Columbus advocates ride 'bus to justice' to talk to lawmakers about criminal justice reform

Columbus advocates ride 'bus to justice' to talk to lawmakers about criminal justice reform
Updated: Feb. 26, 2018 at 1:43 PM EST
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COLUMBUS, GA (WTVM) - Despite a rainy start to the day, advocates in Columbus hopped on a bus headed to Atlanta Monday morning.

Their plan: demand changes to the criminal justice system from their lawmakers.

"Our future is in jeopardy," Gail Thompkins said. "Our jails are filling up."

Around a dozen men and women from different groups around the Fountain City, drove to the State Capitol to talk to state representatives one-on-one.

They hope to persuade legislators to introduce new bills they think will help thousands of Georgians that are in, or went through, the justice system.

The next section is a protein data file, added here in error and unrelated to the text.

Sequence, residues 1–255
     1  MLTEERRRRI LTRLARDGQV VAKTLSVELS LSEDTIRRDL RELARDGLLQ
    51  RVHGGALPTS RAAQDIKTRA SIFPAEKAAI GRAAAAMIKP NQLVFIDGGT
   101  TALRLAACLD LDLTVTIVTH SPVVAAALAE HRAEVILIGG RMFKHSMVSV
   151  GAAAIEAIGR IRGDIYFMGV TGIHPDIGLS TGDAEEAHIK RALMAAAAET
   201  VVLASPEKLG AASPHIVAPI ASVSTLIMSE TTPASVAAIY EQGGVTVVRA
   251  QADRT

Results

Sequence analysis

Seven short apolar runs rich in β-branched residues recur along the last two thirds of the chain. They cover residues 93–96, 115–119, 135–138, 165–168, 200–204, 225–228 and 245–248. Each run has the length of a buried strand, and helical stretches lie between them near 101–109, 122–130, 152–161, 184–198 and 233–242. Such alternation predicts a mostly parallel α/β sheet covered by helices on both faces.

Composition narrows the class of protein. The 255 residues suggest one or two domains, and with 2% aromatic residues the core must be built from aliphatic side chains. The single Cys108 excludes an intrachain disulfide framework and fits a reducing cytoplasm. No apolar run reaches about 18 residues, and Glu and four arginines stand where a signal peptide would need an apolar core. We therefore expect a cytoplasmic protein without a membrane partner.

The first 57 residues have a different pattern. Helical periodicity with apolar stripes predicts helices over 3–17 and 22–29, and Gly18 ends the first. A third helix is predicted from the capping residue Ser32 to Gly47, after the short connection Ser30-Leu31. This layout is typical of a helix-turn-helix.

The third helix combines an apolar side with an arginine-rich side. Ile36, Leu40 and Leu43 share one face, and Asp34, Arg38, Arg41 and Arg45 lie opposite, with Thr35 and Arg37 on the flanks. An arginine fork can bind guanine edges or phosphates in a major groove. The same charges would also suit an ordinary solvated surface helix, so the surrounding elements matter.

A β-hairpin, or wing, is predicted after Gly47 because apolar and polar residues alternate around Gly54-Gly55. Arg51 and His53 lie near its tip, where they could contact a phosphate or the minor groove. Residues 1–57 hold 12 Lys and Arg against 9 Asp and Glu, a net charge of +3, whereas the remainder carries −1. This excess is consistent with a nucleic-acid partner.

"A lot of times, people make laws," advocate Waleisah Wilson said, "and not really, are familiar with, or they're not affected by a person. When you go to prison, that is supposed to be your punishment. You should not have to come home and be punished for the rest of your life," she said.

Some of the laws that Wilson and other advocates want to change vary from the types of sentences given to minors, to restoring voting rights for people in prison, while also informing them their rights are restored after leaving prison.

"At 13 years old, depending on the crime they could be charged as an adult," NAACP chapter president Tonza Thomas said. If you're 18 to buy a pack of cigarettes, you should be 18 to accept an adult sentence."

"A lot of [people] don't know that as soon as they serve their time and pay their restitution, they have the right to register and vote," Thomas added.

Advocates also want lawmakers to partner with local businesses and connect with qualified employees and candidates, even if they have an offense on their record after they receive the right job training and education while serving time.

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